Magazines + Newspapers


April 28th – May 11th 1978
Vol 1 – No 23

Page 3
Close encounters of the telephone kind – never the most satisfactory form of interview. But BLONDIE are in L.A. and we’re in Dublin and the band are No. 1 in Britain. You want the scam. We want the scam. Bill Graham got it down as best he can.

Pages 10 & 11


“I wonder, who, who, who – who wrote the book of love”. It doesn’t matter, anymore. Blondie are re-writing it.

Bill Graham makes a connection with DEBBIE HARRY in the U.S. of A. and they discuss the future of BLONDIE

At three o’clock on a Saturday morning, a telephone assignment with Debbie Harry. It’s nine hours earlier in her Los Angeles hotel bedroom. She’s just been finishing off a day of promo interviews and appearances, all intended to persuade lackadasical Californians that Hollywood stars aren’t the last word in glamour.
“Denis” is of course the reason. The single has been on American release a month now but the West Coast – indeed the nation itself – has still to be charmed into falling under its very spell.
It’s still all upstream for Blondie, even if the B & I charting of “Denis” might be awakening the more perceptive of U.S. radio-programmers to Blondie’s worth for air-play. New York bands face this one intimidating hurdle, you see. They don’t sell records.
Norman Mailer once ran for Mayor of New York on the not-unintelligent proposition that the city should secede from the state and set up on its own. If musical tastes mean anything, the man was right. Indeed the geographical divide of the Atlantic might as well be between the city and the other LA states, for all the past commercial achievements of its rock bands.
As for production pop, it can’t be ashamed. Through the fifties with The Drifters to bubblegum and now to disco and the likes of Barry Manilow, the New York stables have trained sufficient winners to attract the most cautious of punters.
Not so with their own rock bands. Ever since the advent of The Velvet Underground, New York has been out of tune with America, its combination of urban sleaze and chic unappetizing to the suburbans, who’ve preferred other recipes. Springsteen is about the only exception and even his unhappy interlude of litigation has prevented the absolute breakthrough he so patently deserves. He’s still second division. Like Lou Reed.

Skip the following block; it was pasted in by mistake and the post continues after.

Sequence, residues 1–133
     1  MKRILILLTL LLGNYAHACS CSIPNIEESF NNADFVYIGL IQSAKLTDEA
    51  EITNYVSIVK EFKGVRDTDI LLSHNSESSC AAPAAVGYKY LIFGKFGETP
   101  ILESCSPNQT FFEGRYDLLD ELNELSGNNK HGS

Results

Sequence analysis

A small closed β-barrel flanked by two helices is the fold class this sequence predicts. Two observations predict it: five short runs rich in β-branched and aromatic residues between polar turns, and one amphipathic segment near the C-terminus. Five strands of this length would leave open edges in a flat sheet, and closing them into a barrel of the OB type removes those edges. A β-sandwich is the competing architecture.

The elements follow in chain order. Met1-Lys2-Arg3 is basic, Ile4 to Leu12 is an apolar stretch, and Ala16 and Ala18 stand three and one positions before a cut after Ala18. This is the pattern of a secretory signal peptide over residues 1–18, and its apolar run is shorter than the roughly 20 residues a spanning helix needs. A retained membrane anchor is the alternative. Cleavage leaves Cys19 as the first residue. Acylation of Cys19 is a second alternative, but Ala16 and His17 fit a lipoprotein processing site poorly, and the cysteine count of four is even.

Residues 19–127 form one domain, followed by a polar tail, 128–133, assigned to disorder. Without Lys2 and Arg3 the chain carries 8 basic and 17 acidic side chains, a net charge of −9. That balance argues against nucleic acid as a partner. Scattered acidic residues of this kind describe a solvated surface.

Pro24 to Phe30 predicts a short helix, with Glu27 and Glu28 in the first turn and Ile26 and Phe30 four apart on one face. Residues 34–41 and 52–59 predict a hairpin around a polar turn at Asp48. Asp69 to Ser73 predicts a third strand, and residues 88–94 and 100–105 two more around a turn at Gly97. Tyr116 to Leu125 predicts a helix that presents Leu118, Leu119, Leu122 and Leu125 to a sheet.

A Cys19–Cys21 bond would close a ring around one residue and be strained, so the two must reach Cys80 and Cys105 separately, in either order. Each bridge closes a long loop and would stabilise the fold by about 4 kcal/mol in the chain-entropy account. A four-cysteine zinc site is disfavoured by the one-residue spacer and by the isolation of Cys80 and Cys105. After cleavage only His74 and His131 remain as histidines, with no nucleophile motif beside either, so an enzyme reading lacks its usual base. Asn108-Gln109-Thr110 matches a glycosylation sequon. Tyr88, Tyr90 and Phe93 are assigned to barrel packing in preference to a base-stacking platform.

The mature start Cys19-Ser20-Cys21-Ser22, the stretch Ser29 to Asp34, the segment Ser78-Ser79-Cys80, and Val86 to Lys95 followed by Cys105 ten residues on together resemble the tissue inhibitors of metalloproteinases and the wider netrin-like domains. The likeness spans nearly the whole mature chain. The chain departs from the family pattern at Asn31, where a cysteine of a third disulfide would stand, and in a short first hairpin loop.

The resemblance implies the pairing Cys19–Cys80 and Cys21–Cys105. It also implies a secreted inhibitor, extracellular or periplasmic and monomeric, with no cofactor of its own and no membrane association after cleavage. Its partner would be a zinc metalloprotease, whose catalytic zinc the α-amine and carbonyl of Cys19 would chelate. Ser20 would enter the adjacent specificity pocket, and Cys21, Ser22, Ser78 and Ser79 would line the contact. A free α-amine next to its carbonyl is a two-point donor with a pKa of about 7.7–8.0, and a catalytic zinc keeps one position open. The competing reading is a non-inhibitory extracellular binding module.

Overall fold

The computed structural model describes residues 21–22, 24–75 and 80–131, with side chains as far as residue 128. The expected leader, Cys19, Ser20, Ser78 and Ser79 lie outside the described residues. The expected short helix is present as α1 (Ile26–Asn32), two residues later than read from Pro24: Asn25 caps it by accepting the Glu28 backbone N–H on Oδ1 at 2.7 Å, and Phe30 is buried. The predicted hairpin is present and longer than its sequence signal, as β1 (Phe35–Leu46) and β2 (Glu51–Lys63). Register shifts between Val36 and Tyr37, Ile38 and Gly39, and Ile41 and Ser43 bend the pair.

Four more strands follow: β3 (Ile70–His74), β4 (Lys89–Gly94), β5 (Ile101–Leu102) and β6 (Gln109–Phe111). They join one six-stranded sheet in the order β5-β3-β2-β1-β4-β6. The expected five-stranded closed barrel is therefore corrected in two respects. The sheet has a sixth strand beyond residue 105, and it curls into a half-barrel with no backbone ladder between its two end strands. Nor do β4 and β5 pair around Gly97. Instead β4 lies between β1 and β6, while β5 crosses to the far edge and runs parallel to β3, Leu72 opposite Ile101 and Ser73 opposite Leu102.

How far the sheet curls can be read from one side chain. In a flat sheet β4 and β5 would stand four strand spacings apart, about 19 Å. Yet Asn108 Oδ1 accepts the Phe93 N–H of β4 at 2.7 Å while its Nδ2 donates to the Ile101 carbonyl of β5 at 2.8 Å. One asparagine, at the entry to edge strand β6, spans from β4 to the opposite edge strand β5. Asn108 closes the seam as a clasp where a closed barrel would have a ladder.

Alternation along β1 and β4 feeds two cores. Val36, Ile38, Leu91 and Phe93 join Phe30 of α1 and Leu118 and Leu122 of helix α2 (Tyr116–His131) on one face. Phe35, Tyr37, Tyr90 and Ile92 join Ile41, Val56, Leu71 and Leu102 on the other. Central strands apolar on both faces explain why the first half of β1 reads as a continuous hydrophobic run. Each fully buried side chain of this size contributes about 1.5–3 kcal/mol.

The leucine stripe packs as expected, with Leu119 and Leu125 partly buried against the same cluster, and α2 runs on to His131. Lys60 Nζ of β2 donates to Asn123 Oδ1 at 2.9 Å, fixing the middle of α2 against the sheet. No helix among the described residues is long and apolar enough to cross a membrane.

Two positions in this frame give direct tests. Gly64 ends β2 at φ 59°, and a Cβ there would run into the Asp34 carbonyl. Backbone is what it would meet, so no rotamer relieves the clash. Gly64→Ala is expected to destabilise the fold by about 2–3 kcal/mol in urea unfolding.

And they call Ireland unhip?
Walking down to the office for the phone-call, the discophiles are returning from Zhivargo’s and I know that there’s those in their number humming “Denis”. The secretaries tread or taxi home. Fifteen years ago, they’d have bought The Supremes. Oh baby love!
It’s been a long march from their tentative origins. Deborah Harry herself began with a band called Wind In The Willows. Signed to Capitol, they were a hippie folkie band, all flaws and incense. Long long ago, I once picked up a cheapo single by them.
I played it once and once only and if Capitol should ever exploit the connection by re-releasing it, buy it to pose with, not play. It’ll be an embarassment to both you and her. Notwithstanding, she sweetly offers to autograph it if she could.
An unfavourable initiation indeed – and her long fall down from the Wind In The Willows included both a self-admitted joust with junk and a period as waitress in Max’s Kansas City. It’s a tribute to her stamina that she didn’t end up as one of those peripheral butterflies that haunt the neon nightlife of rock. It’s also a clue to both the intelligence and subtleties that underpin Blondie’s funtime philosophy.
The Blondie past is quite a thread to unravel. The embryo was a ’72 band, The Stilettos, which included both her and guitarist Chris Stein. It broke up a year later to be followed by an outfit which went under the title of either Angel or Snake as the mood took them, a sign of the less than serious spirit they were playing in. What’s possibly more important is that the aggregation included, on various occassions, Fred Smith, the current bassist with Television and one-time Patti Smith keyboardsperson, Ivan Kral.
Blondie finally was born in August ’75 and didn’t have to wait long till they signed with Private Stock, who released their first album at the end of ’76.